To evaluate the weight management results of Healthy IncentivesSM, an employer-sponsored wellness program started in 2006 by King County, Washington.
Changes in body mass index (BMI) and the percentages of those who lost 5% and 10% were compared for first-year participants, 5-year participants, and respondents to the Medical Expenditures Panel Survey (MEPS).
A total of 19,559 first-year participants lost weight on average, while the comparative MEPS sample gained weight, −0.80% versus 0.31% (P < 0.01). A total of 10,432 5-year participants also lost weight on average but not as much as during the first year, −0.47% versus −0.80% (P = 0.01). More obese first-year participants lost 5% of BMI than the MEPS sample, 28.5% versus 23.2% (P < 0.01). Thirty eight percent of obese 5-year participants lost 5%.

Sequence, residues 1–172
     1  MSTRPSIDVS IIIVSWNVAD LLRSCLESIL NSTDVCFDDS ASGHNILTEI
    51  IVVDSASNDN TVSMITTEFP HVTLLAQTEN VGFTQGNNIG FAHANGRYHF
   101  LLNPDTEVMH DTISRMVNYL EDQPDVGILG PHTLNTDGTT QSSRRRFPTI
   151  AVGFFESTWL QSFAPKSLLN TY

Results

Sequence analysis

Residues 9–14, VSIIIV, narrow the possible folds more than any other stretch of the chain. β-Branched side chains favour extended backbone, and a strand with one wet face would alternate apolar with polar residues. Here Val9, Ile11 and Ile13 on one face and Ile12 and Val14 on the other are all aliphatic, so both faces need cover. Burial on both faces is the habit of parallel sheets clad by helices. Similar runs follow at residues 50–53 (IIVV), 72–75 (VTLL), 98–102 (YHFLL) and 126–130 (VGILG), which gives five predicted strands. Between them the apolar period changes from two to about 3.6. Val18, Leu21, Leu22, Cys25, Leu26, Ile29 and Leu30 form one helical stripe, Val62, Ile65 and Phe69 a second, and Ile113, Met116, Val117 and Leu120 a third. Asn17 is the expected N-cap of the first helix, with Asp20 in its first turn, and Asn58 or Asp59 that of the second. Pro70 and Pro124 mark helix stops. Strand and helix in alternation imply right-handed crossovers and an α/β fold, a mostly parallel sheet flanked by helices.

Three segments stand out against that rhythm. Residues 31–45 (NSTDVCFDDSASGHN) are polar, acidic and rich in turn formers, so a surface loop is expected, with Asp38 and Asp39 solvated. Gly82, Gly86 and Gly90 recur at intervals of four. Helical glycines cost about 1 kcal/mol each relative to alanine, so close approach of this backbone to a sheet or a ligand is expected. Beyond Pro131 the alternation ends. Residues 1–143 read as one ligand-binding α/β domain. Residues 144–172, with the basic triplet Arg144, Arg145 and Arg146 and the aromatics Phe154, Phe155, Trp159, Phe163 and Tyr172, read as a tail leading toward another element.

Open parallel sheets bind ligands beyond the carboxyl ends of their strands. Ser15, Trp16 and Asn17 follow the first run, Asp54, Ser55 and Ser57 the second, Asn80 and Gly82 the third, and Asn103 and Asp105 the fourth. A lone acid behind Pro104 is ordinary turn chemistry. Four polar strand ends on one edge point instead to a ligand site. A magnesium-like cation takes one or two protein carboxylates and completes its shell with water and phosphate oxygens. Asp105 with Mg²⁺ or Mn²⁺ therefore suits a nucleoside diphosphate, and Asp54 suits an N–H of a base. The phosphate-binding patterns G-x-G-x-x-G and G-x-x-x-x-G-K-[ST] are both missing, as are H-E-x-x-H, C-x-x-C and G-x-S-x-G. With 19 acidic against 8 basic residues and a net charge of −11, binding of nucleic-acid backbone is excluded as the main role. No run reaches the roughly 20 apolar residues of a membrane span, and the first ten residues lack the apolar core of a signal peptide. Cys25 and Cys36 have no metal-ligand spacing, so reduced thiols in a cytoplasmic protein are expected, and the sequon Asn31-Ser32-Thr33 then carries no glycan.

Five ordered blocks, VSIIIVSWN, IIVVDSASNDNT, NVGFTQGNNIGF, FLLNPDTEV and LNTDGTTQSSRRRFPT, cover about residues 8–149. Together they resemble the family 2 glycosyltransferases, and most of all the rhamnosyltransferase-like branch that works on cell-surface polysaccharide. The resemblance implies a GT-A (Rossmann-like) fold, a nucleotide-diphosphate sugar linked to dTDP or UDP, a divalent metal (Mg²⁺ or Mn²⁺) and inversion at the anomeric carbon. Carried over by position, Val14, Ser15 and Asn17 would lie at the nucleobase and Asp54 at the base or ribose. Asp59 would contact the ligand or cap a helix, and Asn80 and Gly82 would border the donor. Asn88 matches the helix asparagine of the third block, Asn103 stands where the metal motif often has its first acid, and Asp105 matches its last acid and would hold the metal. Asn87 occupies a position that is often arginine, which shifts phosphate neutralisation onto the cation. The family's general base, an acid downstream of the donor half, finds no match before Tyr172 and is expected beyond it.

Healthy IncentivesSM achieved significant weight management benefits for both first-year and 5-year participants.
From the Economic Analysis Section, Office of Performance, Strategy and Budget, Office of the King County Executive Dow Constantine, Seattle, Washington.
Address correspondence to: John F. Scoggins, PhD, MSc, Economic Analysis Section, Office of Performance, Strategy and Budget, Office of the King County Executive Dow Constantine, CNK-EX-0810, 401 5th Ave, Suite 810, Seattle, WA 98104; firstname.lastname@example.org.
The authors have received no outside funding for this article.
Authors Scoggins, Sakumoto, Schaefer, Bascom, Robbins, and Whalen have no commercial interest related to this research.
The JOEM Editorial Board and planners have no financial interest related to this research.